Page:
“I’m working on an archaeological activity, and I’m planning a Native American bike tour across Jekyll that I’m really excited about,” she said. “It will not just cover our history on the island, but also the general Georgia history of Native Americans.”

Life at the Museum

Carmody and Hatcher commended the Mosaic Museum staff for creating a very welcoming and friendly environment.

 “We go to lunches and hang out after work sometimes. I like the community aspect of it. Soon, we’re all going over to the director’s house for hamburgers and hotdogs. We can hang out and be casual with each other,” Carmody said.

“It’s definitely a family,” Hatcher said. “It felt like a family as soon as I walked in the door. I’ve never worked with a group of people that actually want to spend time together outside of work. It’s really exciting.”

Hatcher said that the staff works very hard on the programming they provide for visitors to the museum and around the island. Carmody wishes that more people knew about all the secret spots on the island, such as a hidden amphitheater and the Wandered Memory Trail.

“I didn’t know it existed before. It’s not a long trail, but it has a lot of interactives on it, along with audio documenting survivors’ lives,” Carmody said. “We have a lot of cool history on the island, and I hope we can bring more of that to the forefront.”

“We are also very inclusive to everyone. The island’s history covers everyone,” Hatcher said. “It is really important to us that we show everyone’s story, and our upcoming programming will have even more of that. That’s the joy that I have in sharing knowledge with people.”

Career Preparation

Hatcher and Carmody both agree that their time at Coastal Georgia prepped them for their careers—not only in knowledge, but also in work habits. For Carmody, he learned how to overcome procrastination.

“In high school, I was procrastinator-supreme. Coastal gave me a way of figuring out what my work schedule needs to be, and how I need to get things done in an orderly fashion,” Carmody said.

Because Hatcher transferred to Coastal, she had to take a lot of classes to catch up so she could graduate on time.

“I was often taking 21 credits a semester, so working really hard at Coastal prepared me for graduate school work,” she said. “I have no problem getting things done in a timely manner because it wasn’t an option when you took so many classes at the same time. The way the professors taught us and the internships that I did really shaped me for success.”

Hatcher did an internship with the Marshes of Glynn Libraries, where she worked on the J.A. Jones Collection and the Brunswick Marine Collection. Both collections cover World War II history in Brunswick. Carmody interned with the Coastal Georgia Historical Society. He worked at both the WWII Homefront Museum and the Lighthouse Museum.

Fond Memories of Coastal

Carmody and Hatcher talked about some of their favorite professors and fondest memories from their time at the College. Hatcher described Dr. Bleil as the best advisor who would listen to all of her worries.

“He just sat there, listened and said, ‘You’re going to do fine. We’re still proud of you.’ He’s a great support system for students,” Hatcher said. “He has all the answers. I don’t know how he does it.”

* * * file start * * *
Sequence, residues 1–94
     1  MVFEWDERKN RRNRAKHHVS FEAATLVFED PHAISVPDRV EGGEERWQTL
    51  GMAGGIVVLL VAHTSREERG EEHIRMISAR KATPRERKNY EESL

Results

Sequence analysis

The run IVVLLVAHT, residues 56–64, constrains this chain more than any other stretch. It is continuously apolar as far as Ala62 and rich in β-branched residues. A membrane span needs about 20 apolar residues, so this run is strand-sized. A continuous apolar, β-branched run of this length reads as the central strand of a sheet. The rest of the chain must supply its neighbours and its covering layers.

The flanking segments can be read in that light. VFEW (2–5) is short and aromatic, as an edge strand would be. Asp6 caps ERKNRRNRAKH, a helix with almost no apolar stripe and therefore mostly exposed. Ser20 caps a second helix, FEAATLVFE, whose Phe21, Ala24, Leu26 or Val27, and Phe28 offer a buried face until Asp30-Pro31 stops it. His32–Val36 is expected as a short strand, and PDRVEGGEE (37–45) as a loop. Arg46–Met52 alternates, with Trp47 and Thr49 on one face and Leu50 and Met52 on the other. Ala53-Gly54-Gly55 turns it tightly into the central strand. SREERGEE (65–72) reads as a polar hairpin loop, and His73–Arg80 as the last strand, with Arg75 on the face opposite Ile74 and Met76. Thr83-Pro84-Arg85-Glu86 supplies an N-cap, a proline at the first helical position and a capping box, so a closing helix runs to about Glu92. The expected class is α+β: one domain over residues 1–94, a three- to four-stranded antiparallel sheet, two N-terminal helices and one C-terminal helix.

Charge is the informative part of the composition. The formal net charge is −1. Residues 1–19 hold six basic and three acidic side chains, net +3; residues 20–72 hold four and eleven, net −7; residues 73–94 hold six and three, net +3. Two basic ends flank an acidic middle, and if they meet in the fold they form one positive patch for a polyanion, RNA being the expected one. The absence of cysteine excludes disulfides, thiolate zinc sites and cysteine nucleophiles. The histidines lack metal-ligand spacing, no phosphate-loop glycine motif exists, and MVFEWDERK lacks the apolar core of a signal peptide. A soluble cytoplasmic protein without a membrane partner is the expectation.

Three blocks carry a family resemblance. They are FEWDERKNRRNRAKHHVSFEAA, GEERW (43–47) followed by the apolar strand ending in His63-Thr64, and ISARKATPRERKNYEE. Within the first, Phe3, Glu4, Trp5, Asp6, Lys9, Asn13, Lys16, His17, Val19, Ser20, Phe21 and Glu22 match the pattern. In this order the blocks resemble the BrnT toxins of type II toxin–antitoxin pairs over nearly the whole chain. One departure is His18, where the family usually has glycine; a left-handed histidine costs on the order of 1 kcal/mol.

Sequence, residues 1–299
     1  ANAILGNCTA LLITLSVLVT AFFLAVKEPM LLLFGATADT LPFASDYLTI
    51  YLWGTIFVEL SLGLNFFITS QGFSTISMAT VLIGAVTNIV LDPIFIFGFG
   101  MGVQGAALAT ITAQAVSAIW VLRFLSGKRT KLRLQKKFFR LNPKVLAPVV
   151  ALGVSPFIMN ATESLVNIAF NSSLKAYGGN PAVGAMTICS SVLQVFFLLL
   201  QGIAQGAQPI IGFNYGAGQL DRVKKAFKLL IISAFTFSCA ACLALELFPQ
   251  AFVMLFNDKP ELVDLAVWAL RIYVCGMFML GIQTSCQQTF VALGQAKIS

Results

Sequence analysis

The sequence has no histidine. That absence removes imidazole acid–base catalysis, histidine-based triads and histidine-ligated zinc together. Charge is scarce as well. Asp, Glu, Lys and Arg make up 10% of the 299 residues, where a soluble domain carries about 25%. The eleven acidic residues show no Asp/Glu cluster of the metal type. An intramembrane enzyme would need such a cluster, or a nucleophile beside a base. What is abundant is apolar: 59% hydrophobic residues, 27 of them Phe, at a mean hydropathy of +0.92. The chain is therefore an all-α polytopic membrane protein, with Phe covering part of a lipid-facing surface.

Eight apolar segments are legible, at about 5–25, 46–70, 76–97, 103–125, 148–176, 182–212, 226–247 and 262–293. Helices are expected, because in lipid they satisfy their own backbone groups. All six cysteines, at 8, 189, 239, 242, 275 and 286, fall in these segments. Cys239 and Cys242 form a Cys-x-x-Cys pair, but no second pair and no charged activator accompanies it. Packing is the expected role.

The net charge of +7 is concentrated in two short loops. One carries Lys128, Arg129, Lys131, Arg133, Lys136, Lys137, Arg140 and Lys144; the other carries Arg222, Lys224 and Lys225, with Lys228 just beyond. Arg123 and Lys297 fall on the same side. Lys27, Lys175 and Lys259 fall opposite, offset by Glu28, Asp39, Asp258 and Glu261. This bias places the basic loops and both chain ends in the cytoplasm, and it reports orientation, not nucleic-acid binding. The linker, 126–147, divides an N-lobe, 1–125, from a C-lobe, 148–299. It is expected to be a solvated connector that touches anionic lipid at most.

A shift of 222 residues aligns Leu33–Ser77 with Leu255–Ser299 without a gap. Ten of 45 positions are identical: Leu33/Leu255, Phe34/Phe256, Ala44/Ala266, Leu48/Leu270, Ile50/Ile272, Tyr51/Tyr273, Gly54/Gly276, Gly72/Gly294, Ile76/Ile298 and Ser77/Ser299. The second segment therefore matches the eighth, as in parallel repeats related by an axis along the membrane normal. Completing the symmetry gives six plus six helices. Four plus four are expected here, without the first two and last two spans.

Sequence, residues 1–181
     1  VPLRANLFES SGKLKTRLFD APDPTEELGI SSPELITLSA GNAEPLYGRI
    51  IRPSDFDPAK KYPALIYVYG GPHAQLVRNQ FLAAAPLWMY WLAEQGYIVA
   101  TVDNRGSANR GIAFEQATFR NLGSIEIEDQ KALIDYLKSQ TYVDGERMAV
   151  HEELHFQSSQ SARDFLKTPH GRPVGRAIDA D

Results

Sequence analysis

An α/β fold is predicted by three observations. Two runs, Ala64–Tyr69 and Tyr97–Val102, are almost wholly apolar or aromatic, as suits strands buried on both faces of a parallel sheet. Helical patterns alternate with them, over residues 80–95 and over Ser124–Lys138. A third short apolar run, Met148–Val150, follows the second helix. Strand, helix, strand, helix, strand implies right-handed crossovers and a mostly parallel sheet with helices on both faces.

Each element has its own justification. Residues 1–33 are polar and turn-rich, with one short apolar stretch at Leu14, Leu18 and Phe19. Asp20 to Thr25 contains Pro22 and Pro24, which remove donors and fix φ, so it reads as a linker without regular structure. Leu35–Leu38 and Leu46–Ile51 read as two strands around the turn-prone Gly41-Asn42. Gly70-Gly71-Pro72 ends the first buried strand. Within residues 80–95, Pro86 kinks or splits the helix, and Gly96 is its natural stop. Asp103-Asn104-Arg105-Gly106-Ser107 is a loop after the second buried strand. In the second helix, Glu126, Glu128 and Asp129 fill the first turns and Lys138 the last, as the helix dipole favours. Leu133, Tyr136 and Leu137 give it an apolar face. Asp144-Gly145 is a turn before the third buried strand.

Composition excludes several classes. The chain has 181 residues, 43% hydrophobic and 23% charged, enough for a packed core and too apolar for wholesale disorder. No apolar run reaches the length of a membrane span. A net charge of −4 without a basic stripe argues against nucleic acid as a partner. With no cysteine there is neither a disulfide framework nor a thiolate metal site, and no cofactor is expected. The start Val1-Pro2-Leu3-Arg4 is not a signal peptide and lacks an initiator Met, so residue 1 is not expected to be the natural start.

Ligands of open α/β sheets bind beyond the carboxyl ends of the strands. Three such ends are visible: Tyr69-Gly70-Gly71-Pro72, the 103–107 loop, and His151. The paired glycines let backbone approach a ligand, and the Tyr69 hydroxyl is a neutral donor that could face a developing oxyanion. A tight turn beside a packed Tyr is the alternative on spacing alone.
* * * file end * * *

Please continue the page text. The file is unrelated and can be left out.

Carmody recalled how great his history professors were and how much he enjoyed Professor of Communication Tyler Bagwell’s classes as well. He often uses Bagwell’s books about Jekyll to help with his research.

One of Hatcher’s favorite memoires is when she met her closest friends. It was the summer before her second year at the College, and because of her busy schedule, she still didn’t have any friends. Assistant Professor of Environmental Science Dr. James Deemy encouraged her to do a Maymester trip. Little did she know, that was where she would meet her closest friends.

“That was a 12-day camping trip across all four corners of Georgia. It was amazing. I was one of the only non-science majors on the trip. Everyone was wondering who the weird girl was that they didn’t know,” she said. “It ended up being the best thing. It was too fun. That was my favorite part of being at Coastal—all those trips.”

Even after graduating, Hatcher was invited by Deemy to join in on a trip to Sapelo Island where she could do some alumni engagement. She jumped at the idea and went on the trip, sharing her experiences with students.

Hatcher also recalled how she and her friends would spend late nights studying for finals in a computer lab with blankets and sleeping bags.

Like Hatcher, Carmody’s favorite memory revolves around meeting his closest friends.

“There was one day in particular where we came to Jekyll for a surprise birthday for a friend. We just had fun grilling out, going to the beach and hanging out,” he said. “I also enjoyed doing stuff with them on campus, like hanging out in the SAC (Student Activity Center), playing Smash Bros, shooting pool, and walking around Lake Teel. I love walking around the Lake, especially when the sun is going down. That’s the perfect time.”

Outside of working at the Mosaic Museum, Carmody is an avid video game player and enjoys going to the beach. Hatcher loves to spend time with family and friends, and going for walks along the beach as well. She’s also a voracious reader. Her goal is to read 100 books this year, and so far, she’s read 50.

So, the next time you’re taking a tour at the Mosaic Museum, you may be in the company of a College of Coastal Georgia alum who is more than excited to share their love of history with the community.

Mosaic, Jekyll Island

Words of Advice from our Coastal Georgia Alums:

Lucy Hatcher

  • Go on every trip offered—whether or not it’s in your major.
  • Make as many friends as possible.
  • Do an internship that you really enjoy.
  • Find something you love and talk with your professors about it. They will help you.
  • Don’t be afraid to ask for help.
  • Remember, your professors want you to succeed.
  • Enjoy your time while you’re in college, because you’ll miss it when you’re gone.
  • Don’t stress about what comes after graduation.

Patrick Carmody

  • No matter how bad things may get, you can always turn it around.
  • Always be open to do things you never thought you could do.
  • Put yourself out there. Try it. You just might like it.
  • Your professors want you to graduate and go on to do great things—no matter what it is.
  • Take the opportunity to travel. If you can’t travel abroad, go on road trips or explore the area around you.